The white paper “Striking a Balance: Privacy and Data Protection Strategies for Higher Education” by Trusted Network Technologies and made available by Knowledgestorm looks at the challenges universities face in protecting the privacy of their faculty, staff, students, alumni and donors while making their information available to those who need it. From February 2005 to June 2006, there were 68 breaches of personal digital information at U.S. universities and colleges, the paper reports. In the face of this negative publicity, colleges and universities are faced with the challenge of maintaining the trust of alumni and donors, as well as students, parents and faculty. Trusted
“Collection of personal information is at the very foundation of a nonprofit’s success, for sure, but they also have the duty to protect that information.” This according to Katrin Verclas, executive director of the Nonprofit Technology Enterprise Network, a San Francisco-based professional community that connects people involved in nonprofit technology. Nonprofits collect all sorts of private information about their constituents, such as their home addresses; home phone numbers; work phone numbers; e-mail addresses; and details about their interests and family status, etc. Having that information is extremely important for any kind of nonprofit success and effectiveness, Verclas says. The more you know
Every day we hear about the lack of trust between nations, between citizens and their governments, between employees and customers, customers and corporations, and between individuals. Advances in technology have aggravated the problem by making it easy for individuals and organizations to steal or misuse sensitive information.
More than 50 million consumers have had their personal data compromised this year, a statistic grim enough to elicit spasms of paranoia in donors’ hearts about identity theft, data security and privacy. But, in reality, there have been few cases of privacy infringement reported in the nonprofit world — not enough to spawn a skittish donor pool.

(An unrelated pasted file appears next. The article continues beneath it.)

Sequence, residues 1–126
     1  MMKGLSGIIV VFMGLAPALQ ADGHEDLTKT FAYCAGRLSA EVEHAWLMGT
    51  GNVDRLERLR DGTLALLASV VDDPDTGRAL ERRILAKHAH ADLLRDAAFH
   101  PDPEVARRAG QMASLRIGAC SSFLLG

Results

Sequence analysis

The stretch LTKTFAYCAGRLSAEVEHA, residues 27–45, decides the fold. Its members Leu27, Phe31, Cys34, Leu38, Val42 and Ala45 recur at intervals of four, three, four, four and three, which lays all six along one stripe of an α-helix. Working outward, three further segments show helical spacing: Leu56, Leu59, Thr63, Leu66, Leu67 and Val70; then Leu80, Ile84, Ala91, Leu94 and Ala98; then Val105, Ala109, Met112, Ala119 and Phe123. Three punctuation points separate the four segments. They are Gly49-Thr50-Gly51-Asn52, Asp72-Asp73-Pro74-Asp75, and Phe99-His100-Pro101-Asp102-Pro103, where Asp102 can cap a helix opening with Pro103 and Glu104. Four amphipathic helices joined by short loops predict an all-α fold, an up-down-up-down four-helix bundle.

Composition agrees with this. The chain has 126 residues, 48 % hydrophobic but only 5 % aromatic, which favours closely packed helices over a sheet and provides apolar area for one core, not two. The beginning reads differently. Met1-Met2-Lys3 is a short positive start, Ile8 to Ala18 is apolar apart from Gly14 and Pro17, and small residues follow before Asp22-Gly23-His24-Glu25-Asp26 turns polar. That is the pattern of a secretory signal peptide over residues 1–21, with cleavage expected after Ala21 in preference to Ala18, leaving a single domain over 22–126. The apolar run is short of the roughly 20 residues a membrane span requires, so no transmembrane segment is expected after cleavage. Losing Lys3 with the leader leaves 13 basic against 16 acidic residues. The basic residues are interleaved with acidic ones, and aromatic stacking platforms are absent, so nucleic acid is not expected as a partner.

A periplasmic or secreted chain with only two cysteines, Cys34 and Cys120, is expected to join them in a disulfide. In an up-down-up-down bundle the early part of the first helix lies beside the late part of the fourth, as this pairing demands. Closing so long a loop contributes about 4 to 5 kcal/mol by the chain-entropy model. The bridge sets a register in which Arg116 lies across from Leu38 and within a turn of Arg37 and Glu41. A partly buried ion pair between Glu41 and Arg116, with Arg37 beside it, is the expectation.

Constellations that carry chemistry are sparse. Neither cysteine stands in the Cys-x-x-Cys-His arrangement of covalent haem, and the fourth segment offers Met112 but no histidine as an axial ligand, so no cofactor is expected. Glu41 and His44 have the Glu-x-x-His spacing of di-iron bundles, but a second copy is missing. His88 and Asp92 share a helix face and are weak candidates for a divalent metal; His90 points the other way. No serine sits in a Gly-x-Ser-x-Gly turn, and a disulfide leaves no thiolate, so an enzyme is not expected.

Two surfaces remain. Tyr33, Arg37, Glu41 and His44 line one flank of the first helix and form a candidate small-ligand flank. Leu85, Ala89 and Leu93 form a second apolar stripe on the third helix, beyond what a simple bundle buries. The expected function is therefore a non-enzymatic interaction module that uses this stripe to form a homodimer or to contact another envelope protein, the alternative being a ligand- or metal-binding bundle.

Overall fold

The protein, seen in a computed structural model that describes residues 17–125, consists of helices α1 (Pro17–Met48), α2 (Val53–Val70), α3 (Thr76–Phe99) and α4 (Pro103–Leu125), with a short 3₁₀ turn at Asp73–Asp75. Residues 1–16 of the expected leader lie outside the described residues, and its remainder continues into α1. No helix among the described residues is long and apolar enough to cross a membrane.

It does, however, raise two important questions for nonprofit fundraisers. First, with the explosive growth in data collection and compilation, to what extent is it moral, ethical or legal to mine data on potential donors? And secondly, what proactive measures can be taken to safeguard donor privacy?
In every nonprofit’s life, there comes a time when questions arise about the general health of its database.
This could come as a result of a new initiative to push the organization ahead. It could stem from a mandate to raise additional funds within a certain period of time. It could be a desire to increase brand awareness among donors and prospects. Or perhaps the organization has recognized the need to identify, communicate and track its audiences’ activities.
Many organizations, such as the American Red Cross and CARE, provide relief services to communities in severe situations. But when it comes time to address the possibility of being victims themselves, many nonprofits become proverbial ostriches with their heads in the sand, writes Michael K. Robinson, IT director at full-service fundraising firm Creative Direct Response, in his new book, “Disaster Recovery Planning for Nonprofits.”
“Is it the end of the line for fundraising by phone?” was what many nonprofit organizations were pondering last year when more than 48 million Americans signed up for the National Do-Not-Call Registry. While the law clearly stipulates that charitable and political calls are exempt, many members of the public still are unaware of the distinction.
A Harris Interactive poll of 1,011 people in August 2003 found that 37 percent thought that the federal do-not-call list also applied to charity calls.